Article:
Residential

Solving the 7 Problems with Light Frame Construction Using ICF

Light frame construction has long been the stan­dard for many new build­ings. It was one of the first frame build­ing tech­niques that was real­ly able to be uti­lized on a mass scale, but it’s not with­out its faults. We’ve since devel­oped bet­ter strate­gies than light wood frame con­struc­tion for putting up build­ings. The inad­e­qua­cies of this con­struc­tion have real­ly come to light in com­par­i­son.

If you’re think­ing about putting up a new build­ing, it’s a good idea to study up on light frame con­struc­tion and the many ways in which it is vul­ner­a­ble and infe­ri­or to oth­er con­struc­tion mate­ri­als like insu­lat­ing con­crete forms (ICFs).

Light Frame Construction Issues

Here are 7 prob­lems with light frame that may have you sec­ond guess­ing this type of con­struc­tion.

1. The Increasing Cost of Light Frame Construction

Lum­ber prices are at an all-time high right now. This is due to tar­iffs levied on tim­ber back in 2017 and rag­ing wild­fires as well. The price increase has reached such extremes that the aver­age price of a light wood frame con­struc­tion-built home is expect­ed to rise by up to $9,000.

2. Termites Love Light Frame Construction

Every­body knows ter­mites love wood. When you make the frame of a build­ing out of wood, you’re putting your­self at risk of los­ing poten­tial­ly thou­sands of dol­lars in hav­ing to com­bat the prob­lem. Ter­mites can wreak hav­oc on the struc­tur­al integri­ty of a build­ing and lead to severe con­se­quences down the road. Ter­mite-proof­ing a build­ing is also very chal­leng­ing and costs extra.

3. Light Frame Wood Construction is Prone to Mold Growth

If your build­ing is in an area with high humid­i­ty lev­els, you could find your­self deal­ing with a mold prob­lem. High humid­i­ty cre­ates a con­di­tion where mois­ture can con­dense inside the cav­i­ty of framed walls, which then gets absorbed by the wood and leads to wood rot as well as mold. Mold can then cre­ate prob­lems for occu­pants of your build­ing who might have asth­ma or sen­si­tive lungs.

4. Light Frame Construction is Less Energy Efficient

Light frame con­struc­tion has lim­it­ed ener­gy effi­cien­cy poten­tial due to ther­mal bridg­ing and lack of ther­mal mass. In typ­i­cal frame con­struc­tion, insu­la­tion is installed between the fram­ing which means 25% of the wall has no insu­la­tion in it. The wood or (worse) met­al studs cre­ate a path for ener­gy to come into a build­ing which reduces the ener­gy effi­cien­cy of a build­ing. Sec­ond­ly, light frame con­struc­tion does not ben­e­fit from ther­mal mass which helps to absorb heat ener­gy and increase ener­gy effi­cien­cy Oth­er mate­ri­als like stone or ICFs have a high ther­mal mass, thus allow­ing them to store and release heat through­out the day. Light frame con­struc­tion is less ener­gy effi­cient than oth­er build­ing sys­tems.

5. Light Frame Construction is Vulnerable to Extreme Weather

Wood doesn’t hold up well in extreme weath­er. It’s pret­ty frag­ile when com­pared with stone, steel, and ICFs like Bau­tex Blocks. Strong winds can com­plete­ly demol­ish your build­ing which is a sig­nif­i­cant risk if you live in an area where severe weath­er is com­mon. It can also be cost pro­hib­i­tive to go the extra length to dis­as­ter-proof a light frame build­ing, 25 to 30 per­cent more in some cas­es.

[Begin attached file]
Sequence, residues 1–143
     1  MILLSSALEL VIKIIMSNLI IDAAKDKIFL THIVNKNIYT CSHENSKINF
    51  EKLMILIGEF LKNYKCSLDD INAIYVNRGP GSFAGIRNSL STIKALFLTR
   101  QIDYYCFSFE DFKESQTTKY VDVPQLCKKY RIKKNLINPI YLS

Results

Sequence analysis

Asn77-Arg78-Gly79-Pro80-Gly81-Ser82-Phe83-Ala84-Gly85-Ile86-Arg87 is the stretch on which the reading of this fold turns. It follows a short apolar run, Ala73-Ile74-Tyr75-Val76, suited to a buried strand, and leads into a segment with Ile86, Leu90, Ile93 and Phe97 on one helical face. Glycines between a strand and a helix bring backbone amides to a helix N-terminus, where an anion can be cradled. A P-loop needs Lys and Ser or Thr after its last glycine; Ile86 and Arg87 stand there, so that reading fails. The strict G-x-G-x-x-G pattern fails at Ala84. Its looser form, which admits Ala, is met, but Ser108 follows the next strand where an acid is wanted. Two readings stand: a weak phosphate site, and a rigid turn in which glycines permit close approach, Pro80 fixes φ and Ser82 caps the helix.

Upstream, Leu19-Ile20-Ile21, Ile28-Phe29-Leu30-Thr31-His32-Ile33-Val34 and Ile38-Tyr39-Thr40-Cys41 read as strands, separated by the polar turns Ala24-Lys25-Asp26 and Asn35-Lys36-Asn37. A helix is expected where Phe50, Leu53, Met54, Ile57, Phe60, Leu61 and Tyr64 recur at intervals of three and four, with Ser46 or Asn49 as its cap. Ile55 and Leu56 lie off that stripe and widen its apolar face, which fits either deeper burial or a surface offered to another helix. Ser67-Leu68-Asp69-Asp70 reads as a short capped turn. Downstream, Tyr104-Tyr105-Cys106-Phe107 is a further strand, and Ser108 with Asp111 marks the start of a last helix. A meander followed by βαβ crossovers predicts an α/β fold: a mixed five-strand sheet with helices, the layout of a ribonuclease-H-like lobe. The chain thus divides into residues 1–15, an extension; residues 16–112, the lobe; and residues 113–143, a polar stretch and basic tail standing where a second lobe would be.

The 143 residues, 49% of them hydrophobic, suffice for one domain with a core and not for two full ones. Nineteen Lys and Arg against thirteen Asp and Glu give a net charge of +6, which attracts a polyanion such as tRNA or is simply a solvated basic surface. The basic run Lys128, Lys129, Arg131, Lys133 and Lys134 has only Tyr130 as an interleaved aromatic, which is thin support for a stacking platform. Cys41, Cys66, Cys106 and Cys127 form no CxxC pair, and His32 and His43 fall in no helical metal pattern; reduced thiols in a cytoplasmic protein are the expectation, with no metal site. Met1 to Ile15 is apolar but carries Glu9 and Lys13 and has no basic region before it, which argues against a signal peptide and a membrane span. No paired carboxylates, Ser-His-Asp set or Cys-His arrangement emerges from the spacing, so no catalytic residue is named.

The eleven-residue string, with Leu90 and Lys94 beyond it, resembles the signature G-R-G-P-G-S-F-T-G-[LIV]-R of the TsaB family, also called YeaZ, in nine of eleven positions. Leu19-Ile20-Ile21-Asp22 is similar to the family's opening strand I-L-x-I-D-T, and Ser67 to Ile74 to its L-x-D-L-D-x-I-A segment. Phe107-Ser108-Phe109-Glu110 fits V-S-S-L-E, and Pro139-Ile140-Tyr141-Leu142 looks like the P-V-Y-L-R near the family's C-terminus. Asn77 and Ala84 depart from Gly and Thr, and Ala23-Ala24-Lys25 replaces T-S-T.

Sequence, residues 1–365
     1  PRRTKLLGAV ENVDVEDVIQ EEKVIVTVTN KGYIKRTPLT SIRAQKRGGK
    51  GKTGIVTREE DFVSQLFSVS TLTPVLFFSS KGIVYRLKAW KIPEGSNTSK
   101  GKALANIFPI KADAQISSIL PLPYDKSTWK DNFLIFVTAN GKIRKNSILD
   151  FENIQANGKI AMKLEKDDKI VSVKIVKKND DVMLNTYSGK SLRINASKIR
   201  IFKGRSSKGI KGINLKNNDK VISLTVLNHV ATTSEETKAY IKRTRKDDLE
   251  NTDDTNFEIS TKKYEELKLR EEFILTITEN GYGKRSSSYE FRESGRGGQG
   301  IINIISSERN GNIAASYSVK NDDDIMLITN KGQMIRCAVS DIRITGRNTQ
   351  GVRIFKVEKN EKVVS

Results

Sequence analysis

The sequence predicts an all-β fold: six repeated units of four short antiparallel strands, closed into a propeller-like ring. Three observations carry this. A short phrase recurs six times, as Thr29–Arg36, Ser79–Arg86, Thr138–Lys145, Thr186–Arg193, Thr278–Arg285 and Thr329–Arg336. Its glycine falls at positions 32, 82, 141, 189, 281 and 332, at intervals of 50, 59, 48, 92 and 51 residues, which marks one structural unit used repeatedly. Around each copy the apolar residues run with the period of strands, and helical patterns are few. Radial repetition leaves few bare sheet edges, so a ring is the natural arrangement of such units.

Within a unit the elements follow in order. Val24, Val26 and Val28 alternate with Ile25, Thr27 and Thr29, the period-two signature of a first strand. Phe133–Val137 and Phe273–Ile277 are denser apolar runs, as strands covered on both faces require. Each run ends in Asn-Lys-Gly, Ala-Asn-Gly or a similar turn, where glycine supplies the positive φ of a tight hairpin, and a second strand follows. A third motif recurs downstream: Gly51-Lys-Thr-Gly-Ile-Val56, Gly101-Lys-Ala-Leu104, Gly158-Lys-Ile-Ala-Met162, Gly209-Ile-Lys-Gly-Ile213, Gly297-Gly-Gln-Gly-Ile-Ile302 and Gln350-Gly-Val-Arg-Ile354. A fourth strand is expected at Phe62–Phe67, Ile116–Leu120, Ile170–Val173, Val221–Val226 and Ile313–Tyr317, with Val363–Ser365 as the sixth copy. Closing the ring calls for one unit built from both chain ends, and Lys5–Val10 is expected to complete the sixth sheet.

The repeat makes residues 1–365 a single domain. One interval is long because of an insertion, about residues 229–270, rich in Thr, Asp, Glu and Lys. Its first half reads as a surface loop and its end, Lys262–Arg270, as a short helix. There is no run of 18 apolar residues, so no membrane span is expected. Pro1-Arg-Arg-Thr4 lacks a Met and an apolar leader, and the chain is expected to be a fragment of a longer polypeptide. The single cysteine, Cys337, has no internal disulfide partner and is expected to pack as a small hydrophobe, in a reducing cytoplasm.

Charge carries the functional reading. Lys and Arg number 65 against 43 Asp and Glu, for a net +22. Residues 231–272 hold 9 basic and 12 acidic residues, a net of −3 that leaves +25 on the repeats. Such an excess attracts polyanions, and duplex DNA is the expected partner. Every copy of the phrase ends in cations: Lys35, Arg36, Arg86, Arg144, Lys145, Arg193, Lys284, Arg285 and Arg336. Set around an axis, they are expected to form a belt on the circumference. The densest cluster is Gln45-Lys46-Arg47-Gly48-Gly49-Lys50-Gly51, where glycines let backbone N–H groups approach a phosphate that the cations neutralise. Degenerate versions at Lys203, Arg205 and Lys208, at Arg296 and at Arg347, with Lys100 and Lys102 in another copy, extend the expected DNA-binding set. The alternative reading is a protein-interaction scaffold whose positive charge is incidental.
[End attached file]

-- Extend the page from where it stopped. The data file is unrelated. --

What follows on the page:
6. Light Frame Construction is Far From Sound Proof

Stan­dard framed walls don’t do a great job of absorb­ing sound, mean­ing loud nois­es can pret­ty much cut right through them. If your build­ing is near a high­way or busy urban area, this can be a night­mare. There are ways to make a wood frame con­struc­tion build­ing more sound­proof, but they involve extra mea­sure like stag­gered studs, dou­bling up on your dry­wall, or even opt­ing for a more expen­sive sound­proof board such as Fer­ma­cell.

7. Light Frame Construction is Susceptible to Fire Damage

It’s no secret that a wood frame build­ing will go up in flames much faster than one with a frame made from fire-resis­tant ICFs. Because fire resis­tance and pre­ven­tion are cru­cial in any build­ing, you’ll need to do much more to make sure yours is safe in the event of a fire.

Light fram­ing, requires an igni­tion bar­ri­er that helps slow the spread of flames and that can with­stand high tem­per­a­tures until occu­pants have time to retreat from the build­ing. Of course, sen­si­tive areas where a high­er fire rat­ing is required will add to the over­all cost of con­struc­tion.

Light Frame Construction Has Too Many Flaws

Light frame con­struc­tion is not as ener­gy effi­cient as oth­er sys­tems, which will dri­ve your ener­gy bill up. It’s also bad at block­ing out sound and eas­i­ly traps mois­ture which can lead to mold growth. In addi­tion to this, light frame con­struc­tion is vul­ner­a­ble to fire dam­age and will require you to put in extra time and resources if you want to help fire­proof it.

With ICF options like the Bau­tex Wall Sys­tem com­ing onto the scene, there is real­ly no rea­son to use light frame wood con­struc­tion any­more. It’s more expen­sive now than ever and it has a mul­ti­tude of oth­er draw­backs which make it a far less desir­able choice for fram­ing your build­ing.

If you want to con­struct a durable build­ing, con­tact Bau­tex to learn more about a bet­ter alter­na­tive to light frame con­struc­tion.